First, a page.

Thursday, January 31, 2013
The unveiling of the long-awaited new generation – and hoped-for company saviour – of the Blackberry smartphone is all the buzz at the time of my writing. Optimistic pros and pessimistic cons as to its likely or unlikely success range widely. Only time will tell. This reminded me of some musings I had a while back.
A smartphone rippled its signal. The man thumbed it and scanned the screen. It was a text message. He closed it and yelled, “If you wanna tell me something, young lady, you come here and talk t’me!” Ten seconds later a teenager appeared and delivered her message, face to face with her dad.
Technology has its place, but is by nature disruptive. Continually evolving with extreme rapidity, “smart” technology is far-reaching. Offering unprecedented ease of communication, it provides instantaneous interaction with people on the other side of the globe. That’s great. But it is also so far-reaching that it plays into social interaction, makes inroads into privacy, intrudes into family dynamics and takes over relational time and space, even among people dwelling under the same roof.
At present I have a mobile phone but not a smartphone. Not surprising, since I – being the dinosaur that I am – use email by desktop computer and land phone to connect long distance with friends and family, some of whom I haven’t seen for years or who live far away or abroad.
There’s no doubt, online social networks bring people together (I'm on several), but the potential to isolate is ever present. For example: the teenager who’s holed up in his room, endlessly surfing the internet or interacting with other buddies (and God knows what he is viewing and what influences he’s exposed to that may be shaping his values).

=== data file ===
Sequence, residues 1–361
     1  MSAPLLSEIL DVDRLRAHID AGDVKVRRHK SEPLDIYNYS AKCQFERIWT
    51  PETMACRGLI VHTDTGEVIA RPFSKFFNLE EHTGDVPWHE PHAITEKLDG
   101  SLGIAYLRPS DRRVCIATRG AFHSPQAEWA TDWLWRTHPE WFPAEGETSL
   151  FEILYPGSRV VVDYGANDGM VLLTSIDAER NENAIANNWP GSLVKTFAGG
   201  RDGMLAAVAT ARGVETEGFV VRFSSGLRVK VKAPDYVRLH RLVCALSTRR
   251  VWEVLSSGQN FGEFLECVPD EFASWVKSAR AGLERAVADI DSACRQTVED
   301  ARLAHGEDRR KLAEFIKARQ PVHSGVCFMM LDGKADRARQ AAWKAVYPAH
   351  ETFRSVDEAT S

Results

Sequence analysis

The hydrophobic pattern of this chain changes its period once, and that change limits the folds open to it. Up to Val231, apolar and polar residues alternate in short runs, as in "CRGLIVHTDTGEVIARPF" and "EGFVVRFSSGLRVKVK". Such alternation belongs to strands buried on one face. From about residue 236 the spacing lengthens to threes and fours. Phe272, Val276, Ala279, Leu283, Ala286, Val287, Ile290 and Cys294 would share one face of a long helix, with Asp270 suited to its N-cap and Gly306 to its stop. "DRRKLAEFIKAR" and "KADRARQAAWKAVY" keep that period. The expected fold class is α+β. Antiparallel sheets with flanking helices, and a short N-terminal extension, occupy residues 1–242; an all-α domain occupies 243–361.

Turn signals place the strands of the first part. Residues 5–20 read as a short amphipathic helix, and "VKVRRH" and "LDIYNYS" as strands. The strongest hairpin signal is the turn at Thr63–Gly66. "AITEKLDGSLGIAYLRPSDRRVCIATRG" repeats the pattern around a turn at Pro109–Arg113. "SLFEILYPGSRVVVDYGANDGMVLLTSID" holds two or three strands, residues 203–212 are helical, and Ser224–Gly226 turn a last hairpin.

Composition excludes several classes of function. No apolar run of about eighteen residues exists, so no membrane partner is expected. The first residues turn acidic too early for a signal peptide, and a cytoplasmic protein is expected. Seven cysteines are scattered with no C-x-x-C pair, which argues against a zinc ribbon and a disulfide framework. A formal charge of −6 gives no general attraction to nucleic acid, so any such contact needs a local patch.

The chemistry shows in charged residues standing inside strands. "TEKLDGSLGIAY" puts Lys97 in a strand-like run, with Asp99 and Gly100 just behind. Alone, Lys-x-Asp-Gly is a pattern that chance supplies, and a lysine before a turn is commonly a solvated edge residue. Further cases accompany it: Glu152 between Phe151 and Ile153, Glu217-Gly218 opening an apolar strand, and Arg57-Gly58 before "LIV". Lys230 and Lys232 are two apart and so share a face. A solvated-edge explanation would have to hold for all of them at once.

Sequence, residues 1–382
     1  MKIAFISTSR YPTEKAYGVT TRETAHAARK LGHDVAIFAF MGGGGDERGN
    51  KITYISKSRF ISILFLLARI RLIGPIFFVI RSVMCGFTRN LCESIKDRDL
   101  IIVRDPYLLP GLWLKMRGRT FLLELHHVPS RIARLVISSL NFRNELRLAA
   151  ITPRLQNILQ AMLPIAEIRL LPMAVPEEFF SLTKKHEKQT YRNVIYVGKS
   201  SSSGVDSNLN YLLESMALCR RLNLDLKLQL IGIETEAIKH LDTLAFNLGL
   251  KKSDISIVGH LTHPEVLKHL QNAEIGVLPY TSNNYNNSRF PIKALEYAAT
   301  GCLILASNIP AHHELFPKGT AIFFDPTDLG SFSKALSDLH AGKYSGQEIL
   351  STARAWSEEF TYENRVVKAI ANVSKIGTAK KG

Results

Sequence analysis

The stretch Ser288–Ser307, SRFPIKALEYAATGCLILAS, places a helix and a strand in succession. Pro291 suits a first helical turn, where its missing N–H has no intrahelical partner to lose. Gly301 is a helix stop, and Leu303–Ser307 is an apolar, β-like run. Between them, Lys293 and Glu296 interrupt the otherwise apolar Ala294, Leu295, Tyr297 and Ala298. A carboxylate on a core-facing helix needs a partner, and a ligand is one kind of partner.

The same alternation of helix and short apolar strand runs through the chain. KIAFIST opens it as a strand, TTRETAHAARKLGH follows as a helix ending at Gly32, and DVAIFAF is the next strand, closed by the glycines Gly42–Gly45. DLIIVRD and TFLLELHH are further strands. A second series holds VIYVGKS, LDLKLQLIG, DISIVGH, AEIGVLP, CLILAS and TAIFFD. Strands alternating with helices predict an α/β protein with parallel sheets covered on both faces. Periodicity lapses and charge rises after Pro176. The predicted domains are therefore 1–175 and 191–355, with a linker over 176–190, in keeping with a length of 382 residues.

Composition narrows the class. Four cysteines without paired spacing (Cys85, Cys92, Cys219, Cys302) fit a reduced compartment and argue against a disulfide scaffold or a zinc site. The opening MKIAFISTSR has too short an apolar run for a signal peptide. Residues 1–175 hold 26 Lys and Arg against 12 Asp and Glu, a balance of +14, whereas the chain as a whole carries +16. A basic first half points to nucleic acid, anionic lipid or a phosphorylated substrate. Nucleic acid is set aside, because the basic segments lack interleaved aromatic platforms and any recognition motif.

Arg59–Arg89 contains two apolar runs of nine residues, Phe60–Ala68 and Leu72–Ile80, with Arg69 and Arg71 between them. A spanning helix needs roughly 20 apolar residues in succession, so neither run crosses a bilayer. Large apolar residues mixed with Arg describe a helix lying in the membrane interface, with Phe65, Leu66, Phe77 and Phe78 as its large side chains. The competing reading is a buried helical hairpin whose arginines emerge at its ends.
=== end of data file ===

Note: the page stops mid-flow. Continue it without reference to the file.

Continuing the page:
Or, consider the person who can hardly go from the kitchen to the bathroom, bedroom or basement without messaging her girlfriends to share the moment by moment trivia of what she’s doing and thinking; or, the guy tapping out a text message over the steering wheel, his eyes off the road and boring down on his smartphone. Dangerous, irresponsible, and not so smart!
Is this a rant? Not quite . . . mebbe close. Perhaps you too, have experienced both the benefit and the bane of technology in its ability to connect, communicate and foster meaningful relationships, as well as its potential to divide and isolate.
Prayer has been, and I believe always will be, an effective avenue for connecting and adjusting one’s relation with God and with oneself. A fruit of that is an enhanced ability to relate to others more effectively than we otherwise would. When prayer becomes a constant way of life, communication happens. We sense our dependency on God our Heavenly Father and Creator, and this sharpens our perspective on our personhood and the significance of our life; we know we belong, even if others shut us out.
I’m sure that nothing affords relationship, belonging and a home for the soul, as can be found in communion with God, through prayer.
Let us approach Him then, in prayer, with a grateful heart, in the name of Jesus Christ His Son. We are invited through prayer to confess our faults and failings and our sins, and also to praise God for His goodness, while giving thanks for His mercies. This can position us to receive grace, and bring heaven near, even to our souls.
P.S. Hmm. Maybe I could get the hang of that latest Blackberry -- if I really had to! :)
Peter A. Black is a freelance writer in Southwestern Ontario, and author of “Parables from the Pond” – a children's / family book." His inspirational column, P-Pep! appears weekly in The Guide-Advocate. His articles have appeared in 50 Plus Contact and testimony, and several newspapers in Ontario.
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